Journal Article Analysis of inter- and intra fractional partial bladder wall movement using implanted fiducial markers

Nishioka, Kentaro  ,  Shimizu, Shinichi  ,  Shinohara, Nobuo  ,  Ito, Yoichi M.  ,  Abe, Takashige  ,  Maruyama, Satoru  ,  Katoh, Norio  ,  Kinoshita, Rumiko  ,  Hashimoto, Takayuki  ,  Miyamoto, Naoki  ,  Onimaru, Rikiya  ,  Shirato, Hiroki

12p.44 , 2017-03-01 , BioMed Central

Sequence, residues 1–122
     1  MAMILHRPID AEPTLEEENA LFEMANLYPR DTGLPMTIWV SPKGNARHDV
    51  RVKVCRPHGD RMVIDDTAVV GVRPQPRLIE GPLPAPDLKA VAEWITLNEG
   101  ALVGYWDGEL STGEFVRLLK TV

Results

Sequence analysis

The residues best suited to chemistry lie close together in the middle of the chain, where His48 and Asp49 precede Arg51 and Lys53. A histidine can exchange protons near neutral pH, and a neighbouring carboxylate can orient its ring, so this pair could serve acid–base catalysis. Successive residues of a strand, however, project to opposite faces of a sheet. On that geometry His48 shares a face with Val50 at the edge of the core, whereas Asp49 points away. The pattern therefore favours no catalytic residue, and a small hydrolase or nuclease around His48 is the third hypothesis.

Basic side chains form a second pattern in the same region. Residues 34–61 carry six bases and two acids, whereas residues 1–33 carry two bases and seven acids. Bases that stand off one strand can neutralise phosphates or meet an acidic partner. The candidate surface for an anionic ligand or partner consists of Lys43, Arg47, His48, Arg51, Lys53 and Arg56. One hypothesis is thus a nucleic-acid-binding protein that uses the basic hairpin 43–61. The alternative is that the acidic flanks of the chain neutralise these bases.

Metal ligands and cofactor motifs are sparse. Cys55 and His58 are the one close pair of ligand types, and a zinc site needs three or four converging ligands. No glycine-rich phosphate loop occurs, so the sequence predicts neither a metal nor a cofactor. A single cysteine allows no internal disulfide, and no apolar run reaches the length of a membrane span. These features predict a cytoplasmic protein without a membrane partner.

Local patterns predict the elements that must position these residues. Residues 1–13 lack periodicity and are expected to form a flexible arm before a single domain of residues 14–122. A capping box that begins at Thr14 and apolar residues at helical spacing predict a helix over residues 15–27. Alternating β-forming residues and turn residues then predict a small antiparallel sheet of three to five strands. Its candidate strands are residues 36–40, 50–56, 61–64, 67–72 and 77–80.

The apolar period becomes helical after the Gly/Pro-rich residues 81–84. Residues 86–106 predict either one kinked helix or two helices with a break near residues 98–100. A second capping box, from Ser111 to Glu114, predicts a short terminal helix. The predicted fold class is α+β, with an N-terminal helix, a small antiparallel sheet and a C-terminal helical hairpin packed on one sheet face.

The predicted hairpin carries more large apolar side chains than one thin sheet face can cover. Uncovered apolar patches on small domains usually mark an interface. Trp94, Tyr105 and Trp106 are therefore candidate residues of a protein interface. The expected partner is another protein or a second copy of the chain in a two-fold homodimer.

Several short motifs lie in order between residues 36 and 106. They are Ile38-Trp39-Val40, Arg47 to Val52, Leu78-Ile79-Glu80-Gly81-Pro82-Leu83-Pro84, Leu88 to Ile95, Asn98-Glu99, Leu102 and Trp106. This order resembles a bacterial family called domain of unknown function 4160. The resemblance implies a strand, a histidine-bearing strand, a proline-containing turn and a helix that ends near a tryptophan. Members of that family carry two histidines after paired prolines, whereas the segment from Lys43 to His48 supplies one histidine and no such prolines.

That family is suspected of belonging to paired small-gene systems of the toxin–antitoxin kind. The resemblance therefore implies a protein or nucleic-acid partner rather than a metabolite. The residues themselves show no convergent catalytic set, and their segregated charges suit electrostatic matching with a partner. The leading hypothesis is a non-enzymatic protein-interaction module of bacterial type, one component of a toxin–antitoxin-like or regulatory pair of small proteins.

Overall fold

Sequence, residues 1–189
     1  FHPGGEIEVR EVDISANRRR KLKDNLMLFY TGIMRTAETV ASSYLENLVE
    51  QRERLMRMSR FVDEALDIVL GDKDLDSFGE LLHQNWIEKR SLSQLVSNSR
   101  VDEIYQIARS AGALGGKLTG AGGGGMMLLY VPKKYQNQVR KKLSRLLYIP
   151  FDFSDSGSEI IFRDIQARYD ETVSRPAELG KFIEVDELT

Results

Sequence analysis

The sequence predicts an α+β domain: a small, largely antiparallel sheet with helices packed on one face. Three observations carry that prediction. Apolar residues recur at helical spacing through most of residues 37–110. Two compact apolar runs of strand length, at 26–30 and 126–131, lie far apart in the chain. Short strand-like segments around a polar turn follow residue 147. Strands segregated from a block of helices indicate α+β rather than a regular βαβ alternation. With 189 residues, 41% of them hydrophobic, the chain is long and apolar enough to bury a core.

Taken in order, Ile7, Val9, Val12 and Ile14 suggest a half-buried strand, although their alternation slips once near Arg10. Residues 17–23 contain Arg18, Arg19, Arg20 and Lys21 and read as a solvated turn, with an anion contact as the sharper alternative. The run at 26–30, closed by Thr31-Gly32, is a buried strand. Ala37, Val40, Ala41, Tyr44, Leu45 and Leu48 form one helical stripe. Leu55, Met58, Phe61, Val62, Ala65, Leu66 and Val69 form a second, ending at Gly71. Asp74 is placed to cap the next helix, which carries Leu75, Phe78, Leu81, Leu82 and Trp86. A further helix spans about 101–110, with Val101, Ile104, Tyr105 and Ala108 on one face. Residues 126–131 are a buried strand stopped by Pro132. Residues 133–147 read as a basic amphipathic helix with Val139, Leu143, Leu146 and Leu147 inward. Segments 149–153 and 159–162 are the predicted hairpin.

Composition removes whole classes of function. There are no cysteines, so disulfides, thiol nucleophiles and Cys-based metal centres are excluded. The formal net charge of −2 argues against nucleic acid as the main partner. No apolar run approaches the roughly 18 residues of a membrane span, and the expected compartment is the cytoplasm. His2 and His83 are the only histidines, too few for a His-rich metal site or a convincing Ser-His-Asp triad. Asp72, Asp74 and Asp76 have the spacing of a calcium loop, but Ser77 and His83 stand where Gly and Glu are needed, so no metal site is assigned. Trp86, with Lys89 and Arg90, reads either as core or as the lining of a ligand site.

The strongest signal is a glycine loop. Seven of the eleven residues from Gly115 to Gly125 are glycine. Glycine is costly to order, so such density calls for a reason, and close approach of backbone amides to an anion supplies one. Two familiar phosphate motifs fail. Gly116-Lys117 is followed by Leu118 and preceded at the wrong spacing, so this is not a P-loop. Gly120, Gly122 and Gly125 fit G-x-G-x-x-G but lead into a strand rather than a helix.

Background: Current adaptive and dose escalating radiotherapy for muscle invasive bladder cancer requires knowledge of both inter-fractional and intra-fractional motion of the bladder wall involved. The purpose of this study is to characterize inter- and intra-fractional movement of the partial bladder wall using implanted fiducial markers and a real-time tumor-tracking radiotherapy system. Methods: Two hundred fifty one sessions with 29 patients were analysed. After maximal transurethral bladder tumor resection and 40 Gy of whole bladder irradiation, up to six gold markers were implanted transurethrally into the bladder wall around the tumor bed and used for positional registration. We compared the systematic and random uncertainty of positions between cranial vs. caudal, left vs. right, and anterior vs. posterior tumor groups. The variance in intrafractional movement and the percentage of sessions where 3 mm and 5 mm or more of intrafractional wall movement occurring at 2, 4, 6, 8, 10, and at more than 10 min until the end of a session were determined. Results: The cranial and anterior tumor group showed larger interfractional uncertainties in the position than the opposite side tumor group in the CC and AP directions respectively, but these differences did not reach significance. Among the intrafractional uncertainty of position, the cranial and anterior tumor group showed significantly larger systematic uncertainty of position than the groups on the opposite side in the CC direction. The variance of intrafractional movement increased over time; the percentage of sessions where intrafractional wall movement was larger than 3 mm within 2 min of the start of a radiation session or larger than 5 mm within 10 min was less than 5%, but this percentage was increasing further during the session, especially in the cranial and anterior tumor group. Conclusions: More attention for intrafractional uncertainty of position is required in the treatment of cranial and anterior bladder tumors especially in the CC direction. The optimal internal margins in each direction should be chosen or a precise intrafractional target localization system is required depending on the tumor location and treatment delivery time in the setting of partial bladder radiotherapy.

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